Archive for the ‘CPS’ Category

Child Protection or Legal Kidnapping?

June 10, 2008
Children being taken from their homes, based on tips from anonymous telephone callers alleging abuse or neglect, and there’s growing evidence that many of the children placed in foster care annually don’t belong there.

Georgia state Sen. Nancy Schaefer assessment of the bureaucrats entrusted to protect children there: “I believe Child Protective Services (CPS) nationwide has become corrupt and that the entire system is broken almost beyond repair. I am convinced parents and families should be warned of the dangers.”

Dr. Steven Krason, professor of political science and legal studies at Franciscan University of Steubenville: “CPS itself now poses “a grave threat” because it is almost impossible to fully insulate one’s family from…a system that on very little pretense can simply reach into the home and take away one’s offspring.”

Dr. Shirley Moore, national director of legislative affairs for the American Family Rights Association (AFRA): “Many Los Angeles judges who rule on family court cases also sit on the boards of phony non-profit organizations created to generate state adoption/foster care grants via federal funding.”

California’s 2003 Little Hoover Commission Report: “Up to 70 percent of children in foster care should never have been removed from their homes.”

A 2006 series in the Belleville News Democrat: “53 children in foster care died between 1998 and 2005 after state child welfare workers committed serious errors and ignored their own rules.”

Free the Children Coalition is planning a national rally in D.C. to expose what they say is “judicial fraud in the Family Court system and the violation of families’ rights by child protective agencies nationwide.”

Source: Articles by Barbara F. Hollingsworth, The Examiner’s local opinion editor:

Bureaucrats running down the clock against parents

Victims claim CPS officials guilty of ‘ruthless behavior’

Lawmaker says CPS officials guilty of ‘ruthless behavior’

Is it child protection or legal kidnapping?

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CPS: Court Abused Discretion

June 10, 2008
After an appeals court ruled that Child Protective Services overreached its authority by seizing more than 460 children from a polygamist ranch in West Texas; lawyers for the state agency accused the court of abusing its discretion by issuing the ruling.

The state agency and lawyers representing a group of mothers from the polygamist ranch seeking to regain custody of their children wait for the Texas Supreme Court to decide which side is standing on firmer legal ground.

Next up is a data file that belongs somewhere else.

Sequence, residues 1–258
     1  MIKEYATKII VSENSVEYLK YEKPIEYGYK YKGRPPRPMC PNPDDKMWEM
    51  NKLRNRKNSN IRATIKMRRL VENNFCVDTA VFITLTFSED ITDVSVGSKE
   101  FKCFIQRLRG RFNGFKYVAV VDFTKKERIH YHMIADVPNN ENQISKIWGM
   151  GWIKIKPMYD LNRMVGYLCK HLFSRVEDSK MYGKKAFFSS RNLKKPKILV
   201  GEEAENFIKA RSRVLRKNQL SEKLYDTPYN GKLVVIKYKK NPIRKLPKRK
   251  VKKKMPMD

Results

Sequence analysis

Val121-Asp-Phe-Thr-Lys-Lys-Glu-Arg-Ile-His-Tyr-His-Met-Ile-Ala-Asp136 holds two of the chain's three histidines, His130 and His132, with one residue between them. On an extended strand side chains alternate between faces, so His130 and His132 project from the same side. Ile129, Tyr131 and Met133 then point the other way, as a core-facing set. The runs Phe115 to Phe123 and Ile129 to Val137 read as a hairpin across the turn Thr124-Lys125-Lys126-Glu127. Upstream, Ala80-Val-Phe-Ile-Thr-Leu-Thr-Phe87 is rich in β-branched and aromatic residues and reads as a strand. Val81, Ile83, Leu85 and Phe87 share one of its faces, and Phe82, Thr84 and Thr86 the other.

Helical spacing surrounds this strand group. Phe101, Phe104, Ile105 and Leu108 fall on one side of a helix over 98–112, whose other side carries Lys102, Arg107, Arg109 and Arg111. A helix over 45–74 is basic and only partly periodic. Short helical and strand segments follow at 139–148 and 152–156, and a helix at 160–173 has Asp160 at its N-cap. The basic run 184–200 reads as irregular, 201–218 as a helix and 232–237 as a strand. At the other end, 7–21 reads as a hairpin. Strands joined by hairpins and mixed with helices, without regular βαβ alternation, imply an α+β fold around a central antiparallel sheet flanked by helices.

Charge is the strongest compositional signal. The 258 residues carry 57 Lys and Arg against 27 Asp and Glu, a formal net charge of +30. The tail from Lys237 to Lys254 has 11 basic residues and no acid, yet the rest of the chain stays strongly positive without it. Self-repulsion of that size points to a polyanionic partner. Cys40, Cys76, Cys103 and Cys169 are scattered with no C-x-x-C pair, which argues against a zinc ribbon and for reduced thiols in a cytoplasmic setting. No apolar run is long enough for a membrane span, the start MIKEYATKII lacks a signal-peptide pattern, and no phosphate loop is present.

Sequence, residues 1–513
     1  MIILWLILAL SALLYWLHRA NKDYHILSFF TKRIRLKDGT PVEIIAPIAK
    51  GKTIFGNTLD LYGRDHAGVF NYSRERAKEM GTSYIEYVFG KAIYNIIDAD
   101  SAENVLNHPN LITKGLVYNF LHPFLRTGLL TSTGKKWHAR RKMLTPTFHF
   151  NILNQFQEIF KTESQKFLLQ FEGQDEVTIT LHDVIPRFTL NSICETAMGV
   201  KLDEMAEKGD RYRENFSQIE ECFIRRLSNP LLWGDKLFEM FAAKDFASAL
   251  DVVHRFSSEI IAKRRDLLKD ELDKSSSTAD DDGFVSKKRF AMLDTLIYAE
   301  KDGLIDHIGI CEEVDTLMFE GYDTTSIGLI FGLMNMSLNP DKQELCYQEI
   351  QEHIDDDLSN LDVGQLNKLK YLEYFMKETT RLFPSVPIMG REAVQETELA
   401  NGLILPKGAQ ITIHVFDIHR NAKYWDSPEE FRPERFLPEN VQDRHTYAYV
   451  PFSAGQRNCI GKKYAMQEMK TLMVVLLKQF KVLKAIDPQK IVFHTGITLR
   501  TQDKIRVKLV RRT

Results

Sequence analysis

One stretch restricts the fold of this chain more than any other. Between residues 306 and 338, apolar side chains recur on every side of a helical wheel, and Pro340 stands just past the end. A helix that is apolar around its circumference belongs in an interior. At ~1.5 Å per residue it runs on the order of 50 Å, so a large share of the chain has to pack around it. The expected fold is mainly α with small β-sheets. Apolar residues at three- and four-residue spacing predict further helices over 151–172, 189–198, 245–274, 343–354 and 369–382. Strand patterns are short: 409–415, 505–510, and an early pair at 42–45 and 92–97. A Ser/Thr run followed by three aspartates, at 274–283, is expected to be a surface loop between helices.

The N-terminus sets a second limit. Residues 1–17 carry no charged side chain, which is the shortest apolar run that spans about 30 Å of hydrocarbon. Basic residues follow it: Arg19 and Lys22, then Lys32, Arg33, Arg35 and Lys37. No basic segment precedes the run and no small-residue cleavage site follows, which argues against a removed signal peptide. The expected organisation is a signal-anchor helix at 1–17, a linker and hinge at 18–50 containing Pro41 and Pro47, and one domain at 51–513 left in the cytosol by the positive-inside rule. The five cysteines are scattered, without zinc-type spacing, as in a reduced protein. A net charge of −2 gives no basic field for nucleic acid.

The CPS lawyers took their swipe at the state’s Third Court of Appeals in a 19-page filing to the Texas Supreme Court where they reiterate their assertion that the children were in imminent danger of abuse when state authorities raided the ranch near Eldorado on April 3.

The lawyers have asked the state’s highest appeals court to set aside the Third Court’s ruling that would return the children to their families.

The lawyers said that the Third Court had given too much weight to assertions by FLDS members that the state had failed to demonstrate each child removed from the ranch was likely to be abused.

The Texas Supreme Court gave no indication when it would make a ruling in the case.

Source:
CPS lawyers say court abused its discretion

See also:
Appellate Court: Right or Wrong?

No Right to Seize

Judge Bars CPS

Kinship Care vs Foster Care

June 6, 2008
New research from The Children’s Hospital of Philadelphia:

Children removed from their homes after reports of maltreatment have significantly fewer behavior problems three years after placement with relatives than if they are put into foster care.

The study, which looked at a national sample of U.S. children removed from their homes following reports of maltreatment, is published in the June issue of the Archives of Pediatrics & Adolescent Medicine.

The results of the study provide compelling evidence to support efforts in recent years to identify what is sometimes referred to as “kinship care” as an alternative for placing children into non-relative foster care and to maximize the supports and services that will help children achieve permanency in these settings.

“Our results suggest for the first time, in a national population group, that family care may offer protective value in terms of well-being and stability for children in out-of-home care.”
David M. Rubin, M.D., M.S.C.E., pediatric researcher and lead author of the study.

Full Article and Source:
Kinship Care More Beneficial Than Foster Care, Study Finds